Most of us enjoy a good hamburger, without giving much thought to the process of getting that meat to our table. Dutch scientist, Dr. Mark Post, hopes by Fall this year to produce the first lab-grown hamburger. Post and his researchers have created strips of beef muscle using cow stem cells grown in a petri dish.
Imagine what this could mean for:
–Reducing the environmental impact of traditional ‘factory’ farming (greenhouse gases; energy, land and water use)
–Reducing the susceptibility of contamination (remember the e. coli outbreaks?)
–Reducing suffering in animals (PETA is offering a $1 million prize to the first person to create in vitro chicken meat and sell it to the public by June 30, 2012.)
–Increasing protein supplies in parts of the world
It is a fascinating application of stem cell technology.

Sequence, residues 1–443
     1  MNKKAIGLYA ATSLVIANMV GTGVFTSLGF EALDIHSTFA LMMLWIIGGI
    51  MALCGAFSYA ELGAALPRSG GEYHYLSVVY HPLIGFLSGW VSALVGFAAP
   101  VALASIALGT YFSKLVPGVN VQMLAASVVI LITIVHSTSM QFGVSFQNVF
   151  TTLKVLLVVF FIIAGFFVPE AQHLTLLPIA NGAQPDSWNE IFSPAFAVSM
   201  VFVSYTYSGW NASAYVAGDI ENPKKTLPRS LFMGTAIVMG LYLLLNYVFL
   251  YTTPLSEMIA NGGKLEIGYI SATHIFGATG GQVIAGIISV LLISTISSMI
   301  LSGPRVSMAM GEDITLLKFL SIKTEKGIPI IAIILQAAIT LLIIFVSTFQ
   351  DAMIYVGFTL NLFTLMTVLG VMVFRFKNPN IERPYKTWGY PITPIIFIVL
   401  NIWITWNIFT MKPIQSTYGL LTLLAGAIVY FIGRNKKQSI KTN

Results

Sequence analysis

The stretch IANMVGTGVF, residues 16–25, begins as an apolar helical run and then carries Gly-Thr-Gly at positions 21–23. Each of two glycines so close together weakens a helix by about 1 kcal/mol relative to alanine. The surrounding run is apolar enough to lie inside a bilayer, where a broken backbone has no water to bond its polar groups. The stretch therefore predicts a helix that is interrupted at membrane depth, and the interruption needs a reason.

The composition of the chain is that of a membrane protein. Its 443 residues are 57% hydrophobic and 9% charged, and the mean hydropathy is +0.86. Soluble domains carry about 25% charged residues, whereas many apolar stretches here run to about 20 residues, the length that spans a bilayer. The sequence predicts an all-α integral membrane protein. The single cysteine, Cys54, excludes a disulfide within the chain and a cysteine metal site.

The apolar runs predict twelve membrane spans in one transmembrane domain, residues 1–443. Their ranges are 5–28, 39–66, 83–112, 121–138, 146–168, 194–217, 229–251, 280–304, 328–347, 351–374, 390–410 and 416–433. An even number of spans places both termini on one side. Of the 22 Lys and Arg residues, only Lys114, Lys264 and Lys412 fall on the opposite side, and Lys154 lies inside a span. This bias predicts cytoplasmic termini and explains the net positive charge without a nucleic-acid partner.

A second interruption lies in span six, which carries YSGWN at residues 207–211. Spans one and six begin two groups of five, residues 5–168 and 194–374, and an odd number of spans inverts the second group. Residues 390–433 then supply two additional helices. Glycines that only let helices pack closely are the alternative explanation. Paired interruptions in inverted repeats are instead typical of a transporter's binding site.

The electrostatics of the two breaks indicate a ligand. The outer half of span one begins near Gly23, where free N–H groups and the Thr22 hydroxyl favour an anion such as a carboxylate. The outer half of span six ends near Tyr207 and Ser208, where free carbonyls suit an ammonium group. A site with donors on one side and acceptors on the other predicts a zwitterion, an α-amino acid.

The question remains, however, would that burger taste as good, if you knew it came from a dish and not off the hoof?
You have some time to contemplate your answer –It will be at least ten years before the artificial meat is produced on an industrial scale and has satisfied the safety testing necessary for it be placed on supermarket shelves.
Dennis M. Lox, MD, has been sucessfully preforming stem cell therapy for several years. Dr. Lox is located in the Tampa bay area in Clearwater, Florida
Information contained in this blog is intended for educational purposes only and not for medical diagnosis or treatment.If you have a medical concern or issue, please consult with your physician.